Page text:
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On the whole the jury would have been warranted in finding that he was superintendent within the employers' liability act. The circumstances bring this within cases like Baggneski v. Lyman Mills, 193 Mass. 103, Murphy v. New York, New Haven, & Hartford Railroad, 187 Mass. 18, Rapson v. Leighton, 187 Mass. 432, and Gardner v. New England Telephone & Telegraph Co. 170 Mass. 156, and not within cases like O'Neil v. O'Leary, 164 Mass. 387, and Mulligan v. McCaffery, 182 Mass. 420.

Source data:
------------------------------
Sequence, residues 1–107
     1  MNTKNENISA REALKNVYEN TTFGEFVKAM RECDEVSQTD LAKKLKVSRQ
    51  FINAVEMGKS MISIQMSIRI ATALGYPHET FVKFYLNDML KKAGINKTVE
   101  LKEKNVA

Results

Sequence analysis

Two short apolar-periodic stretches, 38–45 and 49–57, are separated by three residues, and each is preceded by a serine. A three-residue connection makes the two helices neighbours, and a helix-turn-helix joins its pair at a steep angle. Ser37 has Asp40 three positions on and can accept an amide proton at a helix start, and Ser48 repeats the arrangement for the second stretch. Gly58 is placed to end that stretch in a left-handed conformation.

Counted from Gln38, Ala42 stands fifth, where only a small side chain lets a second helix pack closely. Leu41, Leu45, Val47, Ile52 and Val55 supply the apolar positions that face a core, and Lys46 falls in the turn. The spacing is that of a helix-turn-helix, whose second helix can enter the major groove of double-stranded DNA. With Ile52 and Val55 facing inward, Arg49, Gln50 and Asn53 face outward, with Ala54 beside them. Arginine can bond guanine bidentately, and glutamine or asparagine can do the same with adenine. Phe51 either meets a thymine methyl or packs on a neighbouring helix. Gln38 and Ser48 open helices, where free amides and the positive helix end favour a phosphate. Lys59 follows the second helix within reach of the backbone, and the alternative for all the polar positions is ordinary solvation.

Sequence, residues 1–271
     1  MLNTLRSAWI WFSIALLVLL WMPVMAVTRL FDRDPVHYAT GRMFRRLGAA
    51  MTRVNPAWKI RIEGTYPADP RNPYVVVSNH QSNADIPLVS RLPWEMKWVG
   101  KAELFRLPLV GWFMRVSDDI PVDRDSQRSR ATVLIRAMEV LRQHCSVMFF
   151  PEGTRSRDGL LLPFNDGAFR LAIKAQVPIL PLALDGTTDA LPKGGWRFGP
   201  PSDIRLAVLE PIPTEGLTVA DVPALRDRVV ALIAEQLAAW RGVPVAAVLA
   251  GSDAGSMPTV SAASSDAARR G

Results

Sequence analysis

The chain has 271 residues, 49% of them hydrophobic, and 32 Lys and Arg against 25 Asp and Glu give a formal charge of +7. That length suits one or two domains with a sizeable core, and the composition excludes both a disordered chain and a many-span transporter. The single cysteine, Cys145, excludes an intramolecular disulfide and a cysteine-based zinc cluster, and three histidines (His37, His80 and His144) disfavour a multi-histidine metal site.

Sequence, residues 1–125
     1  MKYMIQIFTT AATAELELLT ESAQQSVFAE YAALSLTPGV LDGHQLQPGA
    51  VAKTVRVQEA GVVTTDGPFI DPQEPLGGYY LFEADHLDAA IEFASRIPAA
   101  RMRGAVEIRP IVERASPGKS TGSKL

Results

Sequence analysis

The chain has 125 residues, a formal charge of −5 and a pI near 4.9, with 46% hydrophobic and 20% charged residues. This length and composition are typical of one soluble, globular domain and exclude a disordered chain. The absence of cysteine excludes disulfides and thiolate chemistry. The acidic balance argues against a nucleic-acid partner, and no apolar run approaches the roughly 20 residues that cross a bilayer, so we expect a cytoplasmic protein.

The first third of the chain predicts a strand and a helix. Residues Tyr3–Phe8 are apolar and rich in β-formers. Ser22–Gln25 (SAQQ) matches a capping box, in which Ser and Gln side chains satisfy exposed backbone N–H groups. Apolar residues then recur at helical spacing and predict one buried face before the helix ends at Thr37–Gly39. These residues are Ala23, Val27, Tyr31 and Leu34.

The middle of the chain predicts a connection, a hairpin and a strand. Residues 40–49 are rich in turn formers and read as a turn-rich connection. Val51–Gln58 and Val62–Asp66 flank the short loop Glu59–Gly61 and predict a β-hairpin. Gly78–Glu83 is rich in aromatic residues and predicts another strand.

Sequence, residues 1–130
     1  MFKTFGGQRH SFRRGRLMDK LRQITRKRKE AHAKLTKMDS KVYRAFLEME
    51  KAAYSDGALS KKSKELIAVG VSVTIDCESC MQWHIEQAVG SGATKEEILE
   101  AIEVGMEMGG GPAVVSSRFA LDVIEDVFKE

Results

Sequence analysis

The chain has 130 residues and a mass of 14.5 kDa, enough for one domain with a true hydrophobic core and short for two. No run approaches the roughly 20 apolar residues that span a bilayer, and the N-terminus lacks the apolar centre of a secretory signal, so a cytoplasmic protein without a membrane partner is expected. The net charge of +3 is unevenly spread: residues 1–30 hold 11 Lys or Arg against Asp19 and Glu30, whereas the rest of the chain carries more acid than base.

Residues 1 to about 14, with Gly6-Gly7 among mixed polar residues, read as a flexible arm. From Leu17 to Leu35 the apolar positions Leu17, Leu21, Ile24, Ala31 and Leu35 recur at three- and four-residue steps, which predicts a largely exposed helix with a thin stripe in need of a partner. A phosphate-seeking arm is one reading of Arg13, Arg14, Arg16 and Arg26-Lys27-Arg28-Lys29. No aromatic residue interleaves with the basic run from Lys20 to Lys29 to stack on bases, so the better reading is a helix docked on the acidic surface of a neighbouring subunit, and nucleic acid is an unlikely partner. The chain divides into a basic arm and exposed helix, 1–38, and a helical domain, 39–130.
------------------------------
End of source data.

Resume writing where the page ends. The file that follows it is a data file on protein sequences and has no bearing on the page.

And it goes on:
The compound pry was adopted as a method of performing the work by reason of McArthur's direction, and this may have been found to be an act of superintendence, even though he may have assisted in performing the manual labor necessary to execute his order. Meagher v. Crawford Laundry Machinery Co. 187 Mass. 586. McPhee v. New England Structural Co. 188 Mass. 141.

Exceptions sustained.